Secure Storage of Frozen Eggs and Embryos at CCRH and In Vitrotech Labs
We at CCRH and In Vitrotech Labs were saddened to hear of the devastating incident involving a cryotank malfunctioning at two fertility centers earlier this month.
We want to reassure our patients that this is an exceedingly rare event and extremely unlikely to happen at our Center.
It is important to understand how cryotanks work. Cryotanks are best thought of as giant thermoses. They are often cylindrical, approximately the size of a washer unit. The tanks have thick insulation in the walls and the bottom, with a thick insulated lid, and are filled with liquid nitrogen. There is no electrical power that keeps the tank cold, it’s the liquid nitrogen contained in the tank that maintains the low temperature.
Liquid nitrogen boils at minus 196 degree Celsius. The temperature at the surface of the liquid will always be warmer, and therefore the liquid nitrogen is constantly evaporating and will therefore need to be replenished.
All the eggs, embryos, and sperm are placed in very tiny containers, called “straws and vials” and kept submerged in the liquid nitrogen. At this temperature, there is no biological activity and therefore no deterioration of the biological tissue. As long as the samples are stored completely submerged in the liquid nitrogen, they can be kept indefinitely.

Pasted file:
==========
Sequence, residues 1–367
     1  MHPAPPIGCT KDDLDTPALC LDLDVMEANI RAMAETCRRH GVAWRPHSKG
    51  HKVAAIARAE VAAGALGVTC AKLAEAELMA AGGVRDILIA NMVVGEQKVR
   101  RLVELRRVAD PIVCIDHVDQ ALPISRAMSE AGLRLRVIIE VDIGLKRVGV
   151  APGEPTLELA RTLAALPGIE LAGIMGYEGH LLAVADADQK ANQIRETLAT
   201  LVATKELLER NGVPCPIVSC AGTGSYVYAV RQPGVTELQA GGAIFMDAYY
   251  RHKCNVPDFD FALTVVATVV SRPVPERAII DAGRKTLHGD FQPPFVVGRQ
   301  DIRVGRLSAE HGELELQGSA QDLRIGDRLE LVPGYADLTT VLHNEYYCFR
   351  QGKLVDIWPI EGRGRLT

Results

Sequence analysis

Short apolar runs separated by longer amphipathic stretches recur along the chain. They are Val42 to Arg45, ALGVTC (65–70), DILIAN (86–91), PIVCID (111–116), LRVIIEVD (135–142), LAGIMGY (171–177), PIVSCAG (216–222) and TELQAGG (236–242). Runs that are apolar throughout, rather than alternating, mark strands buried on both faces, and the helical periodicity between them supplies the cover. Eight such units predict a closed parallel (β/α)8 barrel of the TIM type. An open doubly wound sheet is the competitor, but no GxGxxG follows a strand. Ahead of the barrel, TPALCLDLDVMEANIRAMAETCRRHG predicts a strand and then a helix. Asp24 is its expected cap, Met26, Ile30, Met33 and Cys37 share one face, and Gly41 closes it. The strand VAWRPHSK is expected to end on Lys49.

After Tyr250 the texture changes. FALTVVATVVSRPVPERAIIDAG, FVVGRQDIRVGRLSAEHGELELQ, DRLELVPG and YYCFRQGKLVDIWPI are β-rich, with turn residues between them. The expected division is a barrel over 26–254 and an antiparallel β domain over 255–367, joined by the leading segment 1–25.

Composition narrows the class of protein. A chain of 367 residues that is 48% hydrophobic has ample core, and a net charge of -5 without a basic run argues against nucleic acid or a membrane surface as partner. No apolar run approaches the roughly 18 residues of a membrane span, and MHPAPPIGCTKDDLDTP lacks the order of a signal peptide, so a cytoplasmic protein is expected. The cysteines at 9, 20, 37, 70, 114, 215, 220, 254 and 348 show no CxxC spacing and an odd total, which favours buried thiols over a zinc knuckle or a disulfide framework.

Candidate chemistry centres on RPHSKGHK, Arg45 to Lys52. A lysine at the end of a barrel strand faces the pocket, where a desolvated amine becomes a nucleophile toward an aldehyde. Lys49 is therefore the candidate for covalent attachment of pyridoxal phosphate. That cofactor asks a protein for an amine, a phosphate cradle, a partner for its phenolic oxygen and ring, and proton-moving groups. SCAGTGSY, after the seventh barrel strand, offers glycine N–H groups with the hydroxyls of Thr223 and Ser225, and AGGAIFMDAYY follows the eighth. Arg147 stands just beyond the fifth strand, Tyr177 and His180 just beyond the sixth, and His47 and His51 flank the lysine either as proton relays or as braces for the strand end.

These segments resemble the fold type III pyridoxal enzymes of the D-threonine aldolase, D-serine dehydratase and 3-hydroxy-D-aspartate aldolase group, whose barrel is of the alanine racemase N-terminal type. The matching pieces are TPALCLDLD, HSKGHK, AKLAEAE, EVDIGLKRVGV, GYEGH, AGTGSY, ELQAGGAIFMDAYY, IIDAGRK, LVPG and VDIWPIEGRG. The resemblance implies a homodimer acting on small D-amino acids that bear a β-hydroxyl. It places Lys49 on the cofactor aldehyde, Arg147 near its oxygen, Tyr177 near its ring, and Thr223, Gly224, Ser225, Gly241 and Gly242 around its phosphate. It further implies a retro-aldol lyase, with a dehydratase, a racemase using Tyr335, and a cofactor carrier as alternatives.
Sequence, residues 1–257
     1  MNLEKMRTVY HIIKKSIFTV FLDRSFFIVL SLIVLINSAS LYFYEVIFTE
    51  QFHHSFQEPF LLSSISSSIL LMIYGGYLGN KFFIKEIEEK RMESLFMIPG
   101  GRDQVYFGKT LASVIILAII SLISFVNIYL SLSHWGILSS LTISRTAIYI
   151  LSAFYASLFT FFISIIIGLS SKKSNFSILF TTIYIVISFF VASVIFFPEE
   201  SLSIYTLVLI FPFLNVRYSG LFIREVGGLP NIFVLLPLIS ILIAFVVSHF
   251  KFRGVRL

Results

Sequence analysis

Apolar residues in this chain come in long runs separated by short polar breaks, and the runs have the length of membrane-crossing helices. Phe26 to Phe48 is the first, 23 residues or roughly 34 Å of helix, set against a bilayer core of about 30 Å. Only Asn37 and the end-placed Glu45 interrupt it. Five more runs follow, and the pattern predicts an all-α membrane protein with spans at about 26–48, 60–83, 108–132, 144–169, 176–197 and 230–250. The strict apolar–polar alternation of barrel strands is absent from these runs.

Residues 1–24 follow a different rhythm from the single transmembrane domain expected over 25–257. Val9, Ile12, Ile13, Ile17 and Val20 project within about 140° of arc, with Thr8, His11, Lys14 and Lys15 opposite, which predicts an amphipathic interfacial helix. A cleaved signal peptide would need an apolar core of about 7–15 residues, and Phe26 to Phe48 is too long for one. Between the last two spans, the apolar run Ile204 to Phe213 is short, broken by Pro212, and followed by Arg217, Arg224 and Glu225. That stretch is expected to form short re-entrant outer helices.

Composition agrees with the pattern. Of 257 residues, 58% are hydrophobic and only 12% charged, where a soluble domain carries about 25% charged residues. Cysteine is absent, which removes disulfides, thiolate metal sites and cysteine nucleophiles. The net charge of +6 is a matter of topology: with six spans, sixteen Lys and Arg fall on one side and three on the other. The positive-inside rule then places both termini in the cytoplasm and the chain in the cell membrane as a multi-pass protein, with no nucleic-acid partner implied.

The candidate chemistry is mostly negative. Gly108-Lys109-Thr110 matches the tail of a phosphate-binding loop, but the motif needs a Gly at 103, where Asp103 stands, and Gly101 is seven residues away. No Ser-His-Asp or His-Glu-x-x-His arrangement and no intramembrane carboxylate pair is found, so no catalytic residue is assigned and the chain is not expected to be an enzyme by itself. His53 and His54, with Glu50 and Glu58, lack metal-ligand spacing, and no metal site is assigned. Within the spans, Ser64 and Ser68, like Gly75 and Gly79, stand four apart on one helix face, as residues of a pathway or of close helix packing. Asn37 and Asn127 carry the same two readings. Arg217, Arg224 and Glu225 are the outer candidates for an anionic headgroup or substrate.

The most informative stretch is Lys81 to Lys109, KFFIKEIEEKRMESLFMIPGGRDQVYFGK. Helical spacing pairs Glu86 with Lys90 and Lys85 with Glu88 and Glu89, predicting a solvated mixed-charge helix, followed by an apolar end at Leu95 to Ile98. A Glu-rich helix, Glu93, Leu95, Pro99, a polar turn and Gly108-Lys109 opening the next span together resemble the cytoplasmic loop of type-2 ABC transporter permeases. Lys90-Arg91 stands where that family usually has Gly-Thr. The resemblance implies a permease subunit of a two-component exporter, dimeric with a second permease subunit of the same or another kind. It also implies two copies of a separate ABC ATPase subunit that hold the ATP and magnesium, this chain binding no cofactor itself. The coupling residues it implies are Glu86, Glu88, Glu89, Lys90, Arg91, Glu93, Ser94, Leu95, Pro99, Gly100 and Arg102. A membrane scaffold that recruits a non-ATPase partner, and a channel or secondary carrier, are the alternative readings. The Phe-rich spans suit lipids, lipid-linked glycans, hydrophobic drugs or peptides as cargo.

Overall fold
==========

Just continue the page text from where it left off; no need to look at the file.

With the reported incidents, the drop in liquid nitrogen level and subsequent temperature fluctuation in the cryotanks may have affected the viability of the eggs and embryos.
At In Vitrotech Labs, our tanks are continuously monitored and equipped with an alarm system. If the liquid nitrogen falls below a threshold, the alarm system will not only sound in the lab, it will also immediately send a first phone call to our lab director. If she doesn’t answer the call, a second phone call from alarm system will be sent to another senior embryologist. If the second phone call is also missed by the senior embryologist, then a third phone call will be sent to our lab assistant—the status of the cryotanks in our lab are monitored 24/7.
Furthermore, the liquid nitrogen level in the cryotanks are visually checked daily, and the tanks refilled to the maximum capacity, “topped-off” every other day. With the lid closed, the normal rate of evaporation in our tanks will take approximately two weeks before the level drops below a concerning threshold. In our laboratory, we additionally set a higher liquid nitrogen threshold to ensure even if the liquid nitrogen level reaches the threshold, specimens stored in the tanks will still be completely submerged in the liquid nitrogen.